September 28, 2023
British Prime Minister Rishi Sunak did not even raise Indian arms sales to the Burmese military when he met Prime Minister Modi at the G20 summit earlier this month, a response to a question in Parliament has revealed. It is the official foreign policy of the British government to advocate for an end to arms sales to the Burmese military.
India is one of the few significant suppliers of arms and equipment to the Burmese military. The others include Russia, China, and Singapore.
Since the Burmese military began its attempted coup in 2021, it has unleashed weapons designed for fighting armies against the civilian population of the country, forcing more than 2 million people from their homes, bombing schools and hospitals, and arresting almost 25,000 people.
A report earlier this year by the United Nations Special Rapporteur on the situation of human rights in Myanmar revealed that India-based entities have supplied $51 million worth of arms and related materials to the military since the attempted coup in February 2021. India had already faced criticism for continuing to arm the Burmese military after the military offensives against the Rohingya in 2016 and 2017. UN investigators later described these as genocide.
In a written Parliamentary answer to Imran Hussain MP on 22nd September, Foreign Office Minister Anne-Marie Trevelyan stated:
“Discussions between the Prime Minister and Prime Minister Modi covered the breadth and depth of the UK-India relationship, ranging from trade to cooperation on education, research and defence. Although the provision of arms to Myanmar was not discussed, we continue to raise this issue bilaterally with those who are reported to be providing arms to the Myanmar military.”
Speaking on Prime Minister Rishi Sunak’s failure to discuss arms sales to the Burmese military following the Rohingya genocide, Imran Hussain MP, Member of Parliament for Bradford East said:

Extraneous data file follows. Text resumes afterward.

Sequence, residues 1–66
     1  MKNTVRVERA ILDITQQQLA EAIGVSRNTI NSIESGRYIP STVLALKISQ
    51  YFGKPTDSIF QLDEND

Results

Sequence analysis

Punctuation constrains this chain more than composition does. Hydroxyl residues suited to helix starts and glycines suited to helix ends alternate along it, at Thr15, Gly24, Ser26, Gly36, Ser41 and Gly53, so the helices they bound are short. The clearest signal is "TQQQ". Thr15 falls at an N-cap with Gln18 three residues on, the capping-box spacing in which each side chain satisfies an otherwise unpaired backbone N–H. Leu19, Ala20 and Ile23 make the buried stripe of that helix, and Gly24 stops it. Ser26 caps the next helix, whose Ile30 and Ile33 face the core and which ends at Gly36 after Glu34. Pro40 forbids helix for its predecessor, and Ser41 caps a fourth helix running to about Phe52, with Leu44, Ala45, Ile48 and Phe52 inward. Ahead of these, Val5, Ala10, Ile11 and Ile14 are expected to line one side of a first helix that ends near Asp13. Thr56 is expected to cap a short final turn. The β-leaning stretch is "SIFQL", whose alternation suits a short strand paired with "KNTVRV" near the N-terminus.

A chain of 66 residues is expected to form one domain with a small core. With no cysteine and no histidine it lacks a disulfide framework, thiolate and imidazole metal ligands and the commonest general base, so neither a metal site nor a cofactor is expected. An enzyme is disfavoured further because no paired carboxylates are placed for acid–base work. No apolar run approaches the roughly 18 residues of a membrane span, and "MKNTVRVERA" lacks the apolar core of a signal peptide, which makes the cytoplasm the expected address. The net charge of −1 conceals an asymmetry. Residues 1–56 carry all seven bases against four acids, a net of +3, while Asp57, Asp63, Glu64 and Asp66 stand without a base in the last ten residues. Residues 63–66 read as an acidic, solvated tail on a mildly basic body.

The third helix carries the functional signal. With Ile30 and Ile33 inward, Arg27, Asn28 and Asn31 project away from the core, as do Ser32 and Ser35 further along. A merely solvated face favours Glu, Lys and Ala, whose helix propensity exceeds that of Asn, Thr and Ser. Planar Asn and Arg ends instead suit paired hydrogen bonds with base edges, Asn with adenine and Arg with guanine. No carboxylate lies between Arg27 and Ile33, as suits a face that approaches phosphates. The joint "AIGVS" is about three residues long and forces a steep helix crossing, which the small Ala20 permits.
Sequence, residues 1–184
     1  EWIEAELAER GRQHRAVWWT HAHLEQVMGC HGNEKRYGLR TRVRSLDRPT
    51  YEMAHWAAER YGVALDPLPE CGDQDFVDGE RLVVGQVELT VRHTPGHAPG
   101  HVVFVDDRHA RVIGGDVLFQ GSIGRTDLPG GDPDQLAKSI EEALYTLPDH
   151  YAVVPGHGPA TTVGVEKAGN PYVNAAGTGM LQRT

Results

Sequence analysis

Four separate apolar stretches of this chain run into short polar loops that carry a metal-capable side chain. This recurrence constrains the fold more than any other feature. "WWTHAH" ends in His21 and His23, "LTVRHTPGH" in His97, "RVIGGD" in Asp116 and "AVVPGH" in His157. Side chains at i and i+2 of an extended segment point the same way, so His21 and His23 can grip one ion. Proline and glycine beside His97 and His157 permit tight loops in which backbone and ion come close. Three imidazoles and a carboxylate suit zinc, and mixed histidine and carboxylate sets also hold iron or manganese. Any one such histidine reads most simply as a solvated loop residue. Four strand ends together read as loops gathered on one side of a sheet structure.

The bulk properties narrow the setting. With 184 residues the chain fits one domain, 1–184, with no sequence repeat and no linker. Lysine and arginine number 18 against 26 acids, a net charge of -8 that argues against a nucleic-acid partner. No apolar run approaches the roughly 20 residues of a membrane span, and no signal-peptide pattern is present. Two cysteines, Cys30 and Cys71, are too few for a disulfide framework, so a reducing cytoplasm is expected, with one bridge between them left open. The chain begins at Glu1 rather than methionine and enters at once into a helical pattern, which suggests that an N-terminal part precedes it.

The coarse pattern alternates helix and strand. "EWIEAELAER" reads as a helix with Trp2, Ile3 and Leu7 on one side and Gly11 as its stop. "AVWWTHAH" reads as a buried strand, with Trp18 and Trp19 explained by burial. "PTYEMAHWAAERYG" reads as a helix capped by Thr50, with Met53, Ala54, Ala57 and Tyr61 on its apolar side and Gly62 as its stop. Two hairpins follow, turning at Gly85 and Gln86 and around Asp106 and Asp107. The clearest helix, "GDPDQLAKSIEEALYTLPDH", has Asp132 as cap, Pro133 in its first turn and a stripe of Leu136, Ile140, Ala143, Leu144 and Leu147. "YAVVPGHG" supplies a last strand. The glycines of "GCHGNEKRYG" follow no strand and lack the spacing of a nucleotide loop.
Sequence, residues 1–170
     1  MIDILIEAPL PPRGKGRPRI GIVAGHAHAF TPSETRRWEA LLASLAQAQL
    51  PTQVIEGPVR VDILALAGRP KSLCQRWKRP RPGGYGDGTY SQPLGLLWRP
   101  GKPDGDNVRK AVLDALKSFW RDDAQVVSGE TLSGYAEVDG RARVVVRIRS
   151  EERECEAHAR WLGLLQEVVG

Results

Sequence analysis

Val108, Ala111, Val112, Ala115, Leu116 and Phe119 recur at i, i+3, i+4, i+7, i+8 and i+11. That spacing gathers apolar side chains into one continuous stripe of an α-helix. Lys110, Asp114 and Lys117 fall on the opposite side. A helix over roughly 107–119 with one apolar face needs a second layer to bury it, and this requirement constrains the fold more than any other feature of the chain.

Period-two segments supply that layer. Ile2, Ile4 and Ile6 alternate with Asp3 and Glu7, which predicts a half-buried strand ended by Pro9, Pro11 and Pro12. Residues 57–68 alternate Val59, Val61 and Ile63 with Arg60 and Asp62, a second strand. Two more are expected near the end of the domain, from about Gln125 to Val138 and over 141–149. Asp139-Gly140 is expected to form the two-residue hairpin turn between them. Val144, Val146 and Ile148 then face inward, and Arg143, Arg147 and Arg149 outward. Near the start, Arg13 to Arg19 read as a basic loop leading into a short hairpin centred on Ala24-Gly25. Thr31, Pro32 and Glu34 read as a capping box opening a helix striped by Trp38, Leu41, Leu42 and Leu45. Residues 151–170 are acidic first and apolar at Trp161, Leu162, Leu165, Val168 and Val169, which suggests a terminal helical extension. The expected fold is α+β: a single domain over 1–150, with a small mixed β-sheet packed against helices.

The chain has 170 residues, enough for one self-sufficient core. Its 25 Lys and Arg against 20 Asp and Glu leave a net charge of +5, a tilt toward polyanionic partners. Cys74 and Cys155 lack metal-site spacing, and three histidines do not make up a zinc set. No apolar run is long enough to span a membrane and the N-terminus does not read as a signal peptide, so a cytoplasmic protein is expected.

“The appalling atrocities and brutal crimes against humanity that were committed against the Rohingya by the Burmese military and military-enabled militias created one of the largest refugee crises that the world has seen, left a still unknown number of Rohingya families dead, and inflicted irreparable damage, so it is unbelievable that despite this, some nations are still supporting the Burmese military regime with arms and equipment.”
“Just this week, the UN Human Rights Council heard again of indiscriminate attacks by the Burmese military on civilians, along with the abject failure of the Burmese authorities to investigate human rights abuses and acts of genocide. It is therefore shameful that when presented with the opportunity to raise the supply of arms to the Burmese military with foreign leaders at the recent G20 summit, the Prime Minister once again ducked his responsibility to some of the world’s most vulnerable and persecuted,” said Imran Hussain MP.
Prior to Rishi Sunak’s premiership, the British government had, with partners, successfully lobbied countries like Serbia, Ukraine and Japan to end arms sales to the Burmese military.
Karin Valtersson, Campaigns Officer at Burma Campaign UK responded: “Instead of human rights, Rishi Sunak appears to be prioritising economic opportunities, and India as a bulwark against China. However, with Modi becoming increasingly authoritarian domestically, as well as supporting brutal regimes internationally, it seems like a flawed approach to be subservient to Modi at the expense of the people of Burma, who want a genuine democracy and to be free of tyranny.”
“On China, Foreign Secretary James Cleverly stated that engaging with China ‘doesn’t mean that we shy away from the tough conversations. It’s about voicing our concerns directly – face to face.’ When Rishi Sunak met with Modi face to face, he didn’t voice concerns directly, instead he did shy away,” Karin Valtersson said.